The latest Gallup poll shows that Sen. Hillary Clinton's lead over Sen. Barack Obama has dropped to a mere five points. She has lost ground among liberals, independents, and—surprisingly—single young women. The poll comes during a dismal three-month stretch in which Clinton has dropped rapidly in the polls, and in which her record-breaking fund-raising operation was upstaged by Obama's surprising second-place finish. It only makes sense, then, that Senator Clinton would like to differentiate herself from Obama on substantive policy matters.
If only it were that simple. The Iraq war is the issue of greatest concern for Democratic primary and caucus voters, especially among the young people and first-time donors flocking to Obama. Clinton's recent struggles can be tied directly to her vote for war in October 2002, and to her ambivalence on the war effort as it has degenerated.
Asked how her views toward the war have evolved over the past four years, Sen. Clinton has explained that she is not sorry for voting as she did; she only regrets "the way the president used the authority." Her response sheds some light on how she would use the military as commander-in-chief, and it suggests that she has learned little from America's unfortunate experience in Iraq.
The public's discontent with the war has grown because the costs have vastly exceeded expectations. The hoped-for benefits of war with Iraq seem unlikely to materialize, and they don't seem worth the costs even if they ultimately do. And then there are the unintended consequences. With its chief rival removed, Iran is in a vastly stronger position today than it was four years ago. An unpleasant but manageable situation has been replaced by a power vacuum in Baghdad, a civil war that threatens to grow far worse, and the looming danger of a wider regional conflict.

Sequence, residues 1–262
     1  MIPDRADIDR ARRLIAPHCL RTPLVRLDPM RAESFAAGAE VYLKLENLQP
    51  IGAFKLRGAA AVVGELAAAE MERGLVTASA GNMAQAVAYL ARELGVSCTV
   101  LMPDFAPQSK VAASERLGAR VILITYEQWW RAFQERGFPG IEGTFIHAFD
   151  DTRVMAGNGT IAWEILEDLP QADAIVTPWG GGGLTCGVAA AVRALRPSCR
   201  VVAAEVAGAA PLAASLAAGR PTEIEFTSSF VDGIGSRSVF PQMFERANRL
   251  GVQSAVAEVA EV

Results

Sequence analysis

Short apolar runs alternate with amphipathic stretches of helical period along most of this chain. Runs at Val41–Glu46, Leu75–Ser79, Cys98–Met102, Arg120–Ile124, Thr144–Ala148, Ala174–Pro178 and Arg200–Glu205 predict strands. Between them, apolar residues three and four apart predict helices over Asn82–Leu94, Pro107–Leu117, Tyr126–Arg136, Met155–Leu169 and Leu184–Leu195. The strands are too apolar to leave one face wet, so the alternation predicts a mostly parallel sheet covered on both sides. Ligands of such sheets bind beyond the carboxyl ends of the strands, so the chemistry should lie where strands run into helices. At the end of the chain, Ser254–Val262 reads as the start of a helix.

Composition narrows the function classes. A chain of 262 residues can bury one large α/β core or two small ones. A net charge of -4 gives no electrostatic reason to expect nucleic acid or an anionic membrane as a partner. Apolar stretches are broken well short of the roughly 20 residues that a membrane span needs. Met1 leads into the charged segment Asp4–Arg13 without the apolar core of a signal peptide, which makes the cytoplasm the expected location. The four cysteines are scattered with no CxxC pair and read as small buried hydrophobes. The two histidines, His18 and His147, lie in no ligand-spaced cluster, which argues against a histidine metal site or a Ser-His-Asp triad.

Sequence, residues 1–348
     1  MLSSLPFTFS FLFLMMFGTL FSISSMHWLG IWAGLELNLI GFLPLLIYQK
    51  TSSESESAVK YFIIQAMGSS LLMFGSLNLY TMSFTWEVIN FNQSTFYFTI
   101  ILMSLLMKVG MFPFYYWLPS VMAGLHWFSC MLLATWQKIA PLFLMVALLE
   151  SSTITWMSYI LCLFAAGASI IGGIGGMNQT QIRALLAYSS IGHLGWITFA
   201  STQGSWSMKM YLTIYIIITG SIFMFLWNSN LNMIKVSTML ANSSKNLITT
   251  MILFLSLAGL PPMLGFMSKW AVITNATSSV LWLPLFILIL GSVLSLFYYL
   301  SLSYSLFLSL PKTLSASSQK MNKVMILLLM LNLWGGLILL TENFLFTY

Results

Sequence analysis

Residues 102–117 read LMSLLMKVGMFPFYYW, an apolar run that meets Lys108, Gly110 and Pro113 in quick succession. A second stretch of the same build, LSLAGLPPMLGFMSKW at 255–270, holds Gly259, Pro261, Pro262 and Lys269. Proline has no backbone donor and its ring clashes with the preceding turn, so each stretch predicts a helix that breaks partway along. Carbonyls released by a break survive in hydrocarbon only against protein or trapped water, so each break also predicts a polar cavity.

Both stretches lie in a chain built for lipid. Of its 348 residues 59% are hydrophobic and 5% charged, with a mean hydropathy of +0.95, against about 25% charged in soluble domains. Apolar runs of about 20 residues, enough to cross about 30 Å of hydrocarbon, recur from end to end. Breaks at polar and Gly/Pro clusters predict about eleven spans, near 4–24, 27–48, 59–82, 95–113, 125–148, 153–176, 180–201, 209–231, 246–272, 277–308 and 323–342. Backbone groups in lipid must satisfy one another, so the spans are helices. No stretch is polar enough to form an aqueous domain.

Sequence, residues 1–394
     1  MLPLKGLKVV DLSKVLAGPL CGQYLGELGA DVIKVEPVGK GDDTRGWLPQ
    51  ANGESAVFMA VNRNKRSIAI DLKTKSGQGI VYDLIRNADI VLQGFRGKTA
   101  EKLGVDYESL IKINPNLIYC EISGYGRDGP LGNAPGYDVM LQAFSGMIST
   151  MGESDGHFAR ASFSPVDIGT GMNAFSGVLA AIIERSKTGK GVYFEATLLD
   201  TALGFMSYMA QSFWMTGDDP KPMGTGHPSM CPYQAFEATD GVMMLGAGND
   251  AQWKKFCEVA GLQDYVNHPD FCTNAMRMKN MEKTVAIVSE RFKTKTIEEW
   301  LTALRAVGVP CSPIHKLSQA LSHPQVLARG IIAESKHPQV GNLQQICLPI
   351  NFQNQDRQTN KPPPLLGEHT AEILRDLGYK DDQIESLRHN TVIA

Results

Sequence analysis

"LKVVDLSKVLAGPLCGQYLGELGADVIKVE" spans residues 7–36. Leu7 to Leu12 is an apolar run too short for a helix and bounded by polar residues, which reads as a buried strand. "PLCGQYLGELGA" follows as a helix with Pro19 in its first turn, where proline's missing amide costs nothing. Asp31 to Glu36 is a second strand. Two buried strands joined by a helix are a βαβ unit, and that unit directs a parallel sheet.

In polls conducted in April 2003, approximately 76 percent of the public supported the war. Nearly four years later, that number has been cut in half. Based on what they know now, half of the intervention's original supporters would not have supported the war at its outset. Of the Americans who once believed our security depended on the creation of a stable, democratic, pro-American government in Iraq, most would now settle merely for a face-saving means for getting out, many without even the face-saving part: 58 percent of Americans favor a timeline for withdrawal, irrespective of the security situation on the ground.
Like most Americans, Sen. Clinton now endorses a troop withdrawal from Iraq. But does she agree that the war was a mistake from the outset?
Of course, we can never plumb the depths of Senator Clinton's conscience to know for sure. The standard, cynical view is her vote in October 2002, and her non-apology for that vote ever since, reflect little more than cold political calculation. The public in late 2002 was willing to support the war, especially if the president launched the invasion with broad international support, and Clinton reflected these sentiments. Public attitudes have since soured, and Clinton's public position has migrated accordingly.